In mid-October, a NASA-developed software called AEGIS was uploaded to the Mars Science Laboratory (MSL) rover. The AEGIS technology, winner of NASA’s 2011 Software of the Year award, will soon allow scientists on the ground to more easily identify interesting rocks and other terrain features on the Red Planet.
Photonics & Imaging Technology spoke to two NASA software experts about how the Mars tool will help rovers become more autonomous.
Michael Burl of Jet Propulsion Laboratory assisted in the development of an AEGIS component known as ROCKSTER, a rock detection algorithm that analyzes images taken by the rover and identifies targets of interest. Tara Estlin, who supervises the Machine Learning and Instrument Autonomy group at the Jet Propulsion Laboratory, leads the AEGIS efforts.
Photonics & Imaging Technology: What is AEGIS?
Tara Estlin: With AEGIS, we analyze different types of images to pick out science targets with certain features or properties. Then, if we find science targets with those properties, we can automatically take measurements with the ChemCam Laser Induced Breakdown Spectrometer (LIBS), which identifies rock composition.
Michael Burl: The Laser Induced Breakdown Spectrometer (LIBS) is part of the MSL Curiosity rover’s ChemCam instrument package. The LIBS instrument shoots a laser at the rocks, vaporizes the material, and takes spectra of it; that [technology] could really benefit from this intelligent targeting that our software provides.
Estlin: The AEGIS software analyzes navigation camera images, which are wide-angle images showing a decently large area of the terrain. For these images, the software is mainly looking for rocks. We pull out information on their size, their shape, their relative intensity, or lightness or brightness in the image — all properties that we can pull out of a greyscale image. Then, we use that property information to prioritize what rocks to target first.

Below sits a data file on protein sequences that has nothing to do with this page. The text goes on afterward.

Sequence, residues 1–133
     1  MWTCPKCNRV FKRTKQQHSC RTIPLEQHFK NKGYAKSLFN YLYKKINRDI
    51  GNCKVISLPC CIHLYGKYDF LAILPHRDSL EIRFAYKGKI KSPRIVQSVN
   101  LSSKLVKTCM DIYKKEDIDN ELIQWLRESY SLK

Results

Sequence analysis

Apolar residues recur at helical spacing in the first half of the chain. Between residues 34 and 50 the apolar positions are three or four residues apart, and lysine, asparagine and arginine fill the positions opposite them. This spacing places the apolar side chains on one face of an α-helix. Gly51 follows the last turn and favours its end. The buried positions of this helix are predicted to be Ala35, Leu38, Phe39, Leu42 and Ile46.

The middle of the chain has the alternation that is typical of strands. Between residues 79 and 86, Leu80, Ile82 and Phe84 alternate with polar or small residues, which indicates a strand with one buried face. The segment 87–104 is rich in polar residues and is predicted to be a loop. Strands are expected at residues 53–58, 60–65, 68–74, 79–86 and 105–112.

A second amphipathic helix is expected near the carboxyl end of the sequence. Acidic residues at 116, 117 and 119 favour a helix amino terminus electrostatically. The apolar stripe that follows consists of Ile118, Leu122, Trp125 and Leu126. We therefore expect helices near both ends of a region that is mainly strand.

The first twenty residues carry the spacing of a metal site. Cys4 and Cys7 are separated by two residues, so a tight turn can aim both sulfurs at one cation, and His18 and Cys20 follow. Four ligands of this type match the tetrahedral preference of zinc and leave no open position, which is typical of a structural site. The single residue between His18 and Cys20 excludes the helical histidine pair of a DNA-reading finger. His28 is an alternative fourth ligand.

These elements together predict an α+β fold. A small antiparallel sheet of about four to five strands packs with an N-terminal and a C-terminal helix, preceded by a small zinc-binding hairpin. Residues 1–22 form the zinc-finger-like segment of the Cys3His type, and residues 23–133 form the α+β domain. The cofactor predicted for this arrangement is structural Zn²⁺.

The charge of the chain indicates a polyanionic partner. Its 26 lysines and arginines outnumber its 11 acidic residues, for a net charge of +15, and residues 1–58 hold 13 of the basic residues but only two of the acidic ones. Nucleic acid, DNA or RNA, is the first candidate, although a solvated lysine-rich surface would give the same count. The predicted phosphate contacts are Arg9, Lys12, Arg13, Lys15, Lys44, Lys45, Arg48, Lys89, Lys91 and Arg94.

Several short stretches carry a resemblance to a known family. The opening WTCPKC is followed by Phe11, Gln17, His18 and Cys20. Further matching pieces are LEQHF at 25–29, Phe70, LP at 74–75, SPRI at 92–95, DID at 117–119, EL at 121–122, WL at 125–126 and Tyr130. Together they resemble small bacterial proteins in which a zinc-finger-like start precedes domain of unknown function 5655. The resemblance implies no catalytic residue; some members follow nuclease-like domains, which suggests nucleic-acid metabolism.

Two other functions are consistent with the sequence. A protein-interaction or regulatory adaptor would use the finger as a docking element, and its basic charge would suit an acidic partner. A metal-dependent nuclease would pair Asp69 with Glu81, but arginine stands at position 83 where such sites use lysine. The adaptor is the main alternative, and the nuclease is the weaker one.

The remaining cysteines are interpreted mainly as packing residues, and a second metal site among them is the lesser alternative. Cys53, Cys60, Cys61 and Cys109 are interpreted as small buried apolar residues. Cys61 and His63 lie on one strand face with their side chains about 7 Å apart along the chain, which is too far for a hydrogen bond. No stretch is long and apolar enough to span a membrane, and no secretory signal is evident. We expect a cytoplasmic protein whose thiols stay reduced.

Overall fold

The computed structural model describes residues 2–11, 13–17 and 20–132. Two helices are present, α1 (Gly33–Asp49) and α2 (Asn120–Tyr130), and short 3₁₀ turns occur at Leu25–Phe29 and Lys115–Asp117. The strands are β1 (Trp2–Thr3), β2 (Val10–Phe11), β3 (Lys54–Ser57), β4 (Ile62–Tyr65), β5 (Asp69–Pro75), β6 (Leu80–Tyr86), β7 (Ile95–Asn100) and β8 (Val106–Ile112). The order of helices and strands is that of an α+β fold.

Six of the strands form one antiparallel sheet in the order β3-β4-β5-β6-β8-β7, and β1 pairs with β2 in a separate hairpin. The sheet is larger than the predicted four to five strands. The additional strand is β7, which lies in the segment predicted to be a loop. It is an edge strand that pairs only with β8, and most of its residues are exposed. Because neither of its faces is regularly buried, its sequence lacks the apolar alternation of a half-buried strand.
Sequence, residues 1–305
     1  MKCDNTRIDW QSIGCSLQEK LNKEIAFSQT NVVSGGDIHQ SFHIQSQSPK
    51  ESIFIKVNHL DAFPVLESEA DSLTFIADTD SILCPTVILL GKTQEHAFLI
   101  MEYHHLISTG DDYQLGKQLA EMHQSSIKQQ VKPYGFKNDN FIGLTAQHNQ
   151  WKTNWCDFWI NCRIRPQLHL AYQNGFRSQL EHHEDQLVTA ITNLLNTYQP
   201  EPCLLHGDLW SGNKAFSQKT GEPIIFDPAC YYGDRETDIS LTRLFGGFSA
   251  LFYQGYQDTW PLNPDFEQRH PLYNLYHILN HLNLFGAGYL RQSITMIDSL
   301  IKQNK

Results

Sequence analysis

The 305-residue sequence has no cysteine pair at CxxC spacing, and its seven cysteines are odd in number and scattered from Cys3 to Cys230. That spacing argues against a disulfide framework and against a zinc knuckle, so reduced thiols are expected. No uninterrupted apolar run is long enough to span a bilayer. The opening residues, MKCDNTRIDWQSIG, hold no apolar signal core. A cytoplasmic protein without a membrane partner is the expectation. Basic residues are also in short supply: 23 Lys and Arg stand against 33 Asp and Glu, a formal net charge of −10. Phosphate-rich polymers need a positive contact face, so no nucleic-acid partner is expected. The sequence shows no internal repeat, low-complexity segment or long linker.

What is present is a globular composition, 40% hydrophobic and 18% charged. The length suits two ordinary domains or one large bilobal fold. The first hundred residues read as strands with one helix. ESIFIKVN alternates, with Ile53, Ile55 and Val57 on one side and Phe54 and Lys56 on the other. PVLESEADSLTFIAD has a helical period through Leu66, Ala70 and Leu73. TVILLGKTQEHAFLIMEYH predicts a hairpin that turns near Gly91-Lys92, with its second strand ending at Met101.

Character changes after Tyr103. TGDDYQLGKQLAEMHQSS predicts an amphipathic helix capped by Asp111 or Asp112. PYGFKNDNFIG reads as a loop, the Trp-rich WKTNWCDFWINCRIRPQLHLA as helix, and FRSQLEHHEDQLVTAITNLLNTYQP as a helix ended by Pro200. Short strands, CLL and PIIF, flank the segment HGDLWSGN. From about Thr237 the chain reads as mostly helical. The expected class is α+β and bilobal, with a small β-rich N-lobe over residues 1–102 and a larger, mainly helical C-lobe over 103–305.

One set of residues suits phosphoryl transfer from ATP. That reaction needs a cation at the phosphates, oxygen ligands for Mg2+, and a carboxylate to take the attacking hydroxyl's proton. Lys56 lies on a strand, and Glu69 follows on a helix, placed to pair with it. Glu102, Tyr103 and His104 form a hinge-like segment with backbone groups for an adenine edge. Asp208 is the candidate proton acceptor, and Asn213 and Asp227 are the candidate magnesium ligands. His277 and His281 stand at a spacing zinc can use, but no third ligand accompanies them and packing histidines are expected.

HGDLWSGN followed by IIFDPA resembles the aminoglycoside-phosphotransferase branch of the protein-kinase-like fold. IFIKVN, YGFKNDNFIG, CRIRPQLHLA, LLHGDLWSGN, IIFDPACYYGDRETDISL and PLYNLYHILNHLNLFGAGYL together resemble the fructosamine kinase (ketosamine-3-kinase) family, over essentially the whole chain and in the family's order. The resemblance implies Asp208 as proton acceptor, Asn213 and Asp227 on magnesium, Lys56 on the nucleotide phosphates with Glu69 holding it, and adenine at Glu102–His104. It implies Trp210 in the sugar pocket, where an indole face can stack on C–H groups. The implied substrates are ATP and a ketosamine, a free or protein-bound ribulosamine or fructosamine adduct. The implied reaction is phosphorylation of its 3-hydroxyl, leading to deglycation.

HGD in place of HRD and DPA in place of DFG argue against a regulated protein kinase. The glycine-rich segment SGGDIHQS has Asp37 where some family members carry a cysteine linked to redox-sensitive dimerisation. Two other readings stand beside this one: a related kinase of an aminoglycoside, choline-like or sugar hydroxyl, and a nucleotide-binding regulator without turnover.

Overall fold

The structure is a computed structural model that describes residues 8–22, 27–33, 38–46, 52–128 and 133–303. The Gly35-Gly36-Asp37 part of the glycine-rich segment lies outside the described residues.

P&IT: What other kinds of images are possible?
Estlin: The software can also analyze what’s known as Remote Micro Imager (RMI) images. The RMI is another camera on the rover’s mast, actually part of the ChemCam instrument, which covers a much smaller area of terrain. For this imager, you can only get a couple of centimeters of the terrain in view, since it has a much smaller field of view. For those images, we’re looking for small features like veins, concretions, white spots, or pebbles.
P&IT: Why is it important to get this kind of terrain data?
Burl: With the software, the rocks get prioritized; the rover itself can then repoint its mast camera to look at, say, the highest-priority rock that it detected autonomously. That saves a huge amount of time; the other way of doing targeted observations like that is to send down images to the Earth, have scientists look at them, and then they’ll say, “We want to target this rock right here.” Then, they upload commands; that takes a couple days, with the communication cycles and accessibility. By doing all this target selection onboard — the rock detection, prioritization, retargeting — it saves a lot of time getting those targeted observations.
Estlin: The other benefit: When we’re analyzing RMI images and picking out these tiny targets, the ground [control] has actually seen the local area, and they see that there might be some interesting white veins in the area that they want to take ChemCam measurements on. But the veins are so small; they have a hard time accurately hitting them with ChemCam. Due to motor backlash and other pointing inaccuracies, it’s really hard to hit very small targets. AEGIS, using ROCKSTER, will pick out exactly where the veins are in the image and refine the pointing online. Now you can do the data acquisition all in one day. That saves several days of ground activities, which is very valuable time.